cytoplasmic inheritance


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Dr. R. K Pillai, Dept of Zoology, Hindu College, Moradabad Cytoplasmic Inheritance

Cytoplasmic Inheritance : 

Cytoplasmic Inheritance Also known as Extrachromosomal inheritance or Extranuclear inheritance Different cytoplasmic organelles like mitochondria, chloroplasts, plasmids and endosymbionts participate in inheritance. Two main types are: maternal inheritance and infectious inheritance.

Maternal inheritance : 

Maternal inheritance Mitochondria and chloroplasts are essential components of the cytoplasm of eukaryotic cells. These contain the genetic material DNA. These cytoplasmic organelles are usually inherited with the egg cytoplasm from the maternal parent. So it is termed ‘maternal inheritance’.

Infectious inheritance : 

Infectious inheritance The cytoplasm of animal and plant cells is complex. In addition to the normal cellular components, numerous parasites can infect the cytoplasm and replicate there. These parasites include bacteria and viruses. This is termed infectious inheritance.

Cytoplasmic inheritance Examples : 

Cytoplasmic inheritance Examples 1. Shell coiling in snail Limnaea peregra 2. Plastid inheritance in Mirabilis jalapa 3. Cytoplasmic male sterility in maize 4. Kappa particles in Paramecium aurelia 5. Sigma virus in Drosophila melanogaster 6. Milk factor in mice 7. Transmissible spongiform encephalopathy

1. Shell coiling in Snail : 

1. Shell coiling in Snail In snails (gastropods) the shell is spirally coiled. Snails exhibit two types of coiling of their shell: (i) shell coiled to right is dextral (ii) shell coiled to left is sinistral. The gene for dextral coiling is dominant D, sinistral coiling is recessive d. Boycott and Driver (1923) showed that the character of coiling is determined by the gene of the mother and not by the individual's own gene. Sinistral Dextral

2. Plastid inheritance : 

2. Plastid inheritance Carl Correns (1909) studied the inheritance of leaf variegation called 'albomaculatus' in the 'four o' clock plant' Mirabilis jalapa. In this, normal green tissue of leaf is irregularly spotted with patches of paler green or white. Flowers on wholly green branches produce seeds that grow into normal plants. Flowers on variegated branches yield offsprings of three kinds- green, white and variegated in variable proportions. Flowers from branches wholly white give progeny without chlorophyll. But in every case the source of pollen has no influence on the offspring. So cytoplasm of the egg influence the type of leaf in Mirabilis.

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Plastid inheritance in Mirabilis jalapa

3. Cytoplasmic male sterility : 

3. Cytoplasmic male sterility In several crops like maize (Zea mays) and many other plants, cytoplasmic control of male sterility is known. If the female parent is male sterile (having plasma gene for male sterility) the F1 progeny would always be male sterile. Cytoplasmic male sterility is passed down maternally.

4. Kappa Particles in Paramecium : 

4. Kappa Particles in Paramecium Tracy Sonneborn, an American geneticist made many discoveries in the field of extranuclear inheritance. Sonneborn (1943) described the inheritance of some cytoplasmic particles known as kappa and their relation to nuclear gene in Paramecium aurelia. There are two strains of Paramecium one killer and the other sensitive. The killer secretes a toxic substance called paramecin which kills the sensitive. The paramecia of killer strain contain large number of particles in their cytoplasm.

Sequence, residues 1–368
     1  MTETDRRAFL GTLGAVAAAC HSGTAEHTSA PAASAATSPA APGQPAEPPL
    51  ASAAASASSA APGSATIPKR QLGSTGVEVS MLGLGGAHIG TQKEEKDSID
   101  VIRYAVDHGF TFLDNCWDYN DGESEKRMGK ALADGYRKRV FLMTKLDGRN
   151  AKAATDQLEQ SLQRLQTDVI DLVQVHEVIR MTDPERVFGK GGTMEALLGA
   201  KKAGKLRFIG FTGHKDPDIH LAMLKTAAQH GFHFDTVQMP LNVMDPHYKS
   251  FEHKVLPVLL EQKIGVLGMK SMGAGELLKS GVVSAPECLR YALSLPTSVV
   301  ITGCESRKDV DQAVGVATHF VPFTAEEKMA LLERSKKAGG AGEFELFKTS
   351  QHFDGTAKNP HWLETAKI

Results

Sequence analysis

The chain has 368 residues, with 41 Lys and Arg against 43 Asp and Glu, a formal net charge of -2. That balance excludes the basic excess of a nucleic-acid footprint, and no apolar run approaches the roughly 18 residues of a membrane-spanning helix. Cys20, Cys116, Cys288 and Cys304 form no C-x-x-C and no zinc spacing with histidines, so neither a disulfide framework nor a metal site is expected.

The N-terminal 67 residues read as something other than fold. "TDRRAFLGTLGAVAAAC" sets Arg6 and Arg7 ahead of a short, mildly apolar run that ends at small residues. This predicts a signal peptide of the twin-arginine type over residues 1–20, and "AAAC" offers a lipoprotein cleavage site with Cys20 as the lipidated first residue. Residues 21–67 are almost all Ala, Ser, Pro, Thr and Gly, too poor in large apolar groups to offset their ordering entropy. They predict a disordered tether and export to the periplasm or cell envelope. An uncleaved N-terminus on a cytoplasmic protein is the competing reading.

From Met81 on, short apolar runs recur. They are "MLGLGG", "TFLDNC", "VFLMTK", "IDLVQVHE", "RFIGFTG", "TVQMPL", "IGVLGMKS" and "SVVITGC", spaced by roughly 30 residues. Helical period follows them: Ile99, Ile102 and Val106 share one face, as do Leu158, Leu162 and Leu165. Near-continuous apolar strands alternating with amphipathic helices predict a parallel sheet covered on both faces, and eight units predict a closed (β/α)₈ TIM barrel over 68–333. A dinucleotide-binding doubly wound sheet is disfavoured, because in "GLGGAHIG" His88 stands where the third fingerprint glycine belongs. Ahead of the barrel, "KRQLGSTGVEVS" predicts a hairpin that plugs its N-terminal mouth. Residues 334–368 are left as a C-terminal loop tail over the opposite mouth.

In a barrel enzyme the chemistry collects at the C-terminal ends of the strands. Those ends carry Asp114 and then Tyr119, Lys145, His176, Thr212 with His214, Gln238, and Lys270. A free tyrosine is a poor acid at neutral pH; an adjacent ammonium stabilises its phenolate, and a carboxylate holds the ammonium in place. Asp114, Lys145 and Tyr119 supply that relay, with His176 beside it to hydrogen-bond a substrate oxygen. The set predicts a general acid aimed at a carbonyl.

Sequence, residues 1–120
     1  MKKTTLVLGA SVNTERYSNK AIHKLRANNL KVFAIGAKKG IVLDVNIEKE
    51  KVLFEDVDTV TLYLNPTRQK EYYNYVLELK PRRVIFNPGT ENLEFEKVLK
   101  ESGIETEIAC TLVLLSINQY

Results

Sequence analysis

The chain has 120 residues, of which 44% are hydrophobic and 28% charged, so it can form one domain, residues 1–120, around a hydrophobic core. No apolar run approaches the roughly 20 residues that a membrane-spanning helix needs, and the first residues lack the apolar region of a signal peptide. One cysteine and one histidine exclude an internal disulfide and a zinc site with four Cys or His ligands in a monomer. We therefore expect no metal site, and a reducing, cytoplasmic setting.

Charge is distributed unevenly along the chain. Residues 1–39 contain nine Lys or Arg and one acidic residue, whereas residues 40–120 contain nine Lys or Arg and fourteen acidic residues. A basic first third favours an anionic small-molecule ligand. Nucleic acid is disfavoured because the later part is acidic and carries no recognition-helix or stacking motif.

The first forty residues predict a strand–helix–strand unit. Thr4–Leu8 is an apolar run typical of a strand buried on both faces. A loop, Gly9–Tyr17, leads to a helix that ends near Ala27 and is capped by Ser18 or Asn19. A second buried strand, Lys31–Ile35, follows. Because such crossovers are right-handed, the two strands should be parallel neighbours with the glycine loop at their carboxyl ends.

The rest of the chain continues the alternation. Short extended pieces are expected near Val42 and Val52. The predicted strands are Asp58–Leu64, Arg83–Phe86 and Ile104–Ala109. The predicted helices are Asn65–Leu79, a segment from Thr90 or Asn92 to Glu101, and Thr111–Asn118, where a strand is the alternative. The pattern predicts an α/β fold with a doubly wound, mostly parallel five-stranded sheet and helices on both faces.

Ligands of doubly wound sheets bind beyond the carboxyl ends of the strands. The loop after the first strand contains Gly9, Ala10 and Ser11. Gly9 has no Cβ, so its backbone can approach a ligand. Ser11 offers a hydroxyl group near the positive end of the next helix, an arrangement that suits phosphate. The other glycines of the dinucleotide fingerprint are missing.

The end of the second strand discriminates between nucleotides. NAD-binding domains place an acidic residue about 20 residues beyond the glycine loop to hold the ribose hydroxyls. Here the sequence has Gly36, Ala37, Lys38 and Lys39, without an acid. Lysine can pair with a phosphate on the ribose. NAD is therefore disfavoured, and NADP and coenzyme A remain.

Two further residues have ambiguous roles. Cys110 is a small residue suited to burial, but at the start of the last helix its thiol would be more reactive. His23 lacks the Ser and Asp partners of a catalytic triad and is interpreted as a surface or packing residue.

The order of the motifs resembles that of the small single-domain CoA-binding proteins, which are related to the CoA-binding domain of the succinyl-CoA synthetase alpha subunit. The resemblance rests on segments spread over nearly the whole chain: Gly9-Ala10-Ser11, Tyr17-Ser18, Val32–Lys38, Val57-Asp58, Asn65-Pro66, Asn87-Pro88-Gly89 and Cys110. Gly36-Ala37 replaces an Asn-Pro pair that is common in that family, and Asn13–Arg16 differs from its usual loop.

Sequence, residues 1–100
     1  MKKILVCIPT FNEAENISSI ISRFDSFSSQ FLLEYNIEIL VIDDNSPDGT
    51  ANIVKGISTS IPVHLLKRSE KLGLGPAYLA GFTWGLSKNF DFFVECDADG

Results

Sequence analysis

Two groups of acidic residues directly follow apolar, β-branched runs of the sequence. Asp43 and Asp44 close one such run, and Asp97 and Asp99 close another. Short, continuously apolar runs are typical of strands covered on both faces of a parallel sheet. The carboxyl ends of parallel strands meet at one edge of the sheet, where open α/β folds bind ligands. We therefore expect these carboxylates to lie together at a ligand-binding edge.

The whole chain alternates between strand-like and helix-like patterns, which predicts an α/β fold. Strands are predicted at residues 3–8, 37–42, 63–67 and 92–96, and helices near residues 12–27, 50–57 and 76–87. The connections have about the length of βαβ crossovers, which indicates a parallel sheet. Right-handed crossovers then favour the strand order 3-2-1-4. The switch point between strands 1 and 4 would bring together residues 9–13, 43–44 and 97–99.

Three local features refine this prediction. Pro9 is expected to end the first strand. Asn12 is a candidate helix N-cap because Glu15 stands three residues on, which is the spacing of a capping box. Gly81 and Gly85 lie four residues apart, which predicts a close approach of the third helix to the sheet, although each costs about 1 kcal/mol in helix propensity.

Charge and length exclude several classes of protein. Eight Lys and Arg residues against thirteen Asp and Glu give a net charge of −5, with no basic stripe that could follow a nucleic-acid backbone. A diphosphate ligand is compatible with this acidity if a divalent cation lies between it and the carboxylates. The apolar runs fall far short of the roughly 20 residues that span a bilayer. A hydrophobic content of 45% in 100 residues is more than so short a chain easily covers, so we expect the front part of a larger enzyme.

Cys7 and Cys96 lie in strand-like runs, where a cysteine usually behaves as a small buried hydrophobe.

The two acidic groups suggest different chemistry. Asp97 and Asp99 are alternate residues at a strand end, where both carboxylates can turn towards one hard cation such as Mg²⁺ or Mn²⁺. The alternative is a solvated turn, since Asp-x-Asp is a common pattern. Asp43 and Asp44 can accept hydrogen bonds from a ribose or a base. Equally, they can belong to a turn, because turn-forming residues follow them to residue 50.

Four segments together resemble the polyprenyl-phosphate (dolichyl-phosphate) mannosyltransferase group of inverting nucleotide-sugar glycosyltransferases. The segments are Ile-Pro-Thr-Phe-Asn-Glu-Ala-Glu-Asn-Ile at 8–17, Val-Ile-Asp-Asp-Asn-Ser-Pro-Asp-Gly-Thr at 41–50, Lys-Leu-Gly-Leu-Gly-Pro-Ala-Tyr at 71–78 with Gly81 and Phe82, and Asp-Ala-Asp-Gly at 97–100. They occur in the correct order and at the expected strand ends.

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Studies by Preer (1974) indicated that kappa particles are endosymbiont gram negative bacterium Caedobacter taeniospiralis living in the cytoplasm of Paramecium. Kappa particles (100-200 per cell) are usually 1-5mm in length bounded by a double membrane and are Feulgen positive. Kappa particles contain DNA and protein and require a nuclear gene (K, “little k” strains are sensitive) for maintenance

5. Sigma Virus in Drosophila : 

5. Sigma Virus in Drosophila Philip L'Heritier and Teissier reported an example of cytoplasmic inheritance in Drosophila. These flies are sensitive to carbon dioxide and can be immobilized by exposing them to CO2. Some strains of Drosophila are much more sensitive to CO2 than the normal. The CO2 sensitivity of Drosophila is caused by a small virus like particle called sigma. Some physical characters of sigma are known. They are much smaller than kappa, approximately 0.07 mm in diameter. They are bullet-shaped very similar to vesicular stomatis virus (VSV). The nucleic acid content of sigma is not established, but it is assumed that sigma contain RNA.

6. Milk Factor in Mice : 

6. Milk Factor in Mice Bittner reported a particular type of mammary cancer in mice susceptibility of which was maternally transmitted. Milk factor resembles in many respects with a virus. It has been discovered to be transmissible also by saliva and semen.

7. Transmissible spongiform encephalopathy : 

7. Transmissible spongiform encephalopathy Prions are small, disease-causing agents that consist entirely of proteins. Prions have no nucleic acid genome. Prions are thought to be normal proteins that can adopt different configurations. They are found in the brain of all animal species. Prions cause fatal brain degeneration diseases known as transmissible spongiform encephalopathy (TSE).

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Prions are inherited maternally in the cytoplasm. They can also be infectious in cases where animals consume meat from infected animals. Mad cow disease reported in Britain (1995) and killed thousands of cattle, was an example of TSE. Stanley Prusiner (United states) won Nobel Prize of 1997of Physiology or Medicine for the studies on prions and mad cow disease.

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